Cattlemen's Day, 2004; Kansas Agricultural Experiment Station contribution; no. 04-242-S; Report of progress (Kansas State University. Agricultural Experiment Station and Cooperative Extension Service); 923; Beef; Castration; Feedlot performance; Carcass characteristics; Beef tenderness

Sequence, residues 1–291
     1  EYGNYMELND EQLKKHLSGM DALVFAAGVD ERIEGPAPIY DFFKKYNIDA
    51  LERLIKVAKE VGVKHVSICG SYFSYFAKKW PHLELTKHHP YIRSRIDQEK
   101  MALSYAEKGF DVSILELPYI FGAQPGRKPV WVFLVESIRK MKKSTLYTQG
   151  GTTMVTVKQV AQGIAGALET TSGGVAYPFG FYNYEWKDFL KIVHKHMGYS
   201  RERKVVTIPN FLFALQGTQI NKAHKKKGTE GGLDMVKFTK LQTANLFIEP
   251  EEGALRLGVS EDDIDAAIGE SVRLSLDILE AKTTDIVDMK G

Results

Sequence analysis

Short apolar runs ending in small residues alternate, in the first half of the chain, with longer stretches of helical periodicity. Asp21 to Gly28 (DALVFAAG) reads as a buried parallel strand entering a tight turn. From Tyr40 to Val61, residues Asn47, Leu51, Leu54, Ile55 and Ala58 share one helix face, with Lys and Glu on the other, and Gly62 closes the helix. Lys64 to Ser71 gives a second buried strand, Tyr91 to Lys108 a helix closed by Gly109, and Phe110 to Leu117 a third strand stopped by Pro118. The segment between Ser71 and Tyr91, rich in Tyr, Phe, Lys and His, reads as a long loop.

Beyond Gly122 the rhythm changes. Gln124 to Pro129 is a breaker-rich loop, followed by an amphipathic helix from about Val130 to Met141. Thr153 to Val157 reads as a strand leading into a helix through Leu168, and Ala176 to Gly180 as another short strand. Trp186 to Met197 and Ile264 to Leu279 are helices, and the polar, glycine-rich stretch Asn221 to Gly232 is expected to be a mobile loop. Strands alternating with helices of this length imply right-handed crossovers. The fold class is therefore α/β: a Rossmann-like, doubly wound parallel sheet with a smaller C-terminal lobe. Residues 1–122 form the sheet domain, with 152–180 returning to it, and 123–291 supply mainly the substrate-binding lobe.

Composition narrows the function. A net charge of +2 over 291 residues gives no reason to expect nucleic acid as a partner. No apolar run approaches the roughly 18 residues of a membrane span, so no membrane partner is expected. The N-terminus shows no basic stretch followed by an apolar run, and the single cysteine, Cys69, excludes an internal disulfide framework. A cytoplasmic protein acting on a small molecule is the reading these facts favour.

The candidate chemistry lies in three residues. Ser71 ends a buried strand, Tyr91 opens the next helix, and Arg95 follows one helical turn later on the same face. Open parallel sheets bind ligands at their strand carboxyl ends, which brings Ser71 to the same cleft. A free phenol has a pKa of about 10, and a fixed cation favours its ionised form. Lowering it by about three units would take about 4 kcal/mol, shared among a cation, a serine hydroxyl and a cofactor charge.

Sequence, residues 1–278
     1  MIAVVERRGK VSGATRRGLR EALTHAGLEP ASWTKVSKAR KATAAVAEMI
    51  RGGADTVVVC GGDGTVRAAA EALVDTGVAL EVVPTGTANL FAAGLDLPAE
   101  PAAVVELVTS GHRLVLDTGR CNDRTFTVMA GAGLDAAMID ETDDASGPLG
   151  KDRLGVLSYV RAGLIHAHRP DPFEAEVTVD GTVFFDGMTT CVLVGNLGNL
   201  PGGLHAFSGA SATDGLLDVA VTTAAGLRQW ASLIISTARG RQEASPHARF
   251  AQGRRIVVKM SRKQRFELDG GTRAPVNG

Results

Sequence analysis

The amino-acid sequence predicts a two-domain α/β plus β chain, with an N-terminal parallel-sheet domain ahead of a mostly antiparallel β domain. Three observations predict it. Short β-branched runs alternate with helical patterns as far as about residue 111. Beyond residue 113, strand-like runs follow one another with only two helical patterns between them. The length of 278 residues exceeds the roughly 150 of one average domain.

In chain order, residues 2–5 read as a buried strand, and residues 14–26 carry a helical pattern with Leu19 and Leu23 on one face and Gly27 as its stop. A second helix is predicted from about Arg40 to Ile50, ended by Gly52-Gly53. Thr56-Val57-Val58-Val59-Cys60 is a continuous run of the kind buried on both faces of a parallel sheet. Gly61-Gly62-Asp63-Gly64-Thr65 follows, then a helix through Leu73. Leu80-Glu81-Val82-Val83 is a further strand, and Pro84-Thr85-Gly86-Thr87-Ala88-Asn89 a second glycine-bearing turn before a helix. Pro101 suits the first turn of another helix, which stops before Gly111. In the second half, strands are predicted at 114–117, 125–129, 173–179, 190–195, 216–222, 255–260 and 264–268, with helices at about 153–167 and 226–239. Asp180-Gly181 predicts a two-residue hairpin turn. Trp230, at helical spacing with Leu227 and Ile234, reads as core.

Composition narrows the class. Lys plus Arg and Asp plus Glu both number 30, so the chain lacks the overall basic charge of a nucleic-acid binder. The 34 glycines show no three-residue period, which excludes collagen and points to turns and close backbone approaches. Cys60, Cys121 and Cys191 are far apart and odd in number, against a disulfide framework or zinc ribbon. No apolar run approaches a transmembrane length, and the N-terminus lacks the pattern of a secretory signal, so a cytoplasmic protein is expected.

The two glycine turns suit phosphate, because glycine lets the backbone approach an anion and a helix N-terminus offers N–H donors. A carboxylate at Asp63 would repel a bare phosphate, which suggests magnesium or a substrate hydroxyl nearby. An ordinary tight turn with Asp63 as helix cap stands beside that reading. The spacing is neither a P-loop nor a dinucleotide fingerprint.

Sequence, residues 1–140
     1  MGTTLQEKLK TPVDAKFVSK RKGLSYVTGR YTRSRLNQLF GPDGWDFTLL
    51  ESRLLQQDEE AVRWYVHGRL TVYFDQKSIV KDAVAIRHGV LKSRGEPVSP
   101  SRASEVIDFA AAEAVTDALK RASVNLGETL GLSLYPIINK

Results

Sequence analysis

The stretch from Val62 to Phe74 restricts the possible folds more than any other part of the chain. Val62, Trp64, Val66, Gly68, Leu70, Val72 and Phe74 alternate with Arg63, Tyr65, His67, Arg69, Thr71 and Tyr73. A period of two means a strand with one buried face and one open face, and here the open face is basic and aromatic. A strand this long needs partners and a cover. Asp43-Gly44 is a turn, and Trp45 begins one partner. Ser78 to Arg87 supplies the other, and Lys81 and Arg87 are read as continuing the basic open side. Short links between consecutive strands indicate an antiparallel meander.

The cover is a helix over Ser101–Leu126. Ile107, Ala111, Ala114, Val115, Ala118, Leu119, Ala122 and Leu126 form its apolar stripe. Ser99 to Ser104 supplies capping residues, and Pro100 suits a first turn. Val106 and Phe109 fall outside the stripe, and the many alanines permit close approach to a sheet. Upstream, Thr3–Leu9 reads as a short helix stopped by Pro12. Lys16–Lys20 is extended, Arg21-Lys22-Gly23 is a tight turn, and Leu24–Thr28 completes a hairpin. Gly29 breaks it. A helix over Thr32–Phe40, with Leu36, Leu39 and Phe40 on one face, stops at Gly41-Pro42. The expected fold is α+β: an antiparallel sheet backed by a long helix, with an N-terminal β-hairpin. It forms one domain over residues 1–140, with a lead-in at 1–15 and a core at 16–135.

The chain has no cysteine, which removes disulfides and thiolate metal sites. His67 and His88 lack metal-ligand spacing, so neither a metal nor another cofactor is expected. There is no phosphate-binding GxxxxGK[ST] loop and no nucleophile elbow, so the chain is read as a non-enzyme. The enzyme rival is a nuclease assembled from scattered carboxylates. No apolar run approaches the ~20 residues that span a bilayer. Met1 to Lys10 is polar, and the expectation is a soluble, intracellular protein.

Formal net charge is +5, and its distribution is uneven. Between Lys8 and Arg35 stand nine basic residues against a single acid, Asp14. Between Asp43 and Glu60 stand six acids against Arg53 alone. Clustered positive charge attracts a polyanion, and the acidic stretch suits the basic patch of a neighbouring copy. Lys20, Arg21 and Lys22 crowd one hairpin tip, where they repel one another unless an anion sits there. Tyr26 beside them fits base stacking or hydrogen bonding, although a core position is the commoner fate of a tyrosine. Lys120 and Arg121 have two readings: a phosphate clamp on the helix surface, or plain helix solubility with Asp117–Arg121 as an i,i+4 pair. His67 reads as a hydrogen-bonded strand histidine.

Crossbred Angus calves (n=120) were randomly assigned to early-castrated, early-castrated plus implant, and late-castrated treatment groups. After weaning, calves were placed on feed at the Western Kansas Agricultural Research Southeast Agricultural Research Center Station in Hays, Kansas, for finishing. On-feed weights and final weights were similar among treatments. During the first 132 days on feed, the steers castrated early and implanted had a lower average daily gain than early- and late-castration treatments. Early castrates tended (P=0.08) to have a lower feed-to-gain ratio for the first 132 days on feed. Hot carcass weight, internal fat, and marbling scores were not affected by treatment. Carcasses from steers castrated late had less backfat, larger ribeye areas, and lesser yield grades (greater cutability) than carcasses from steers castrated early, with or without an implant. Carcasses from steers castrated early and implanted had a greater percentage grading USDA choice (60%) than did carcasses from steers castrated early (45%) or late (41%). Warner-Bratzler shear force and sensory-panel traits were similar for all treatment groups.


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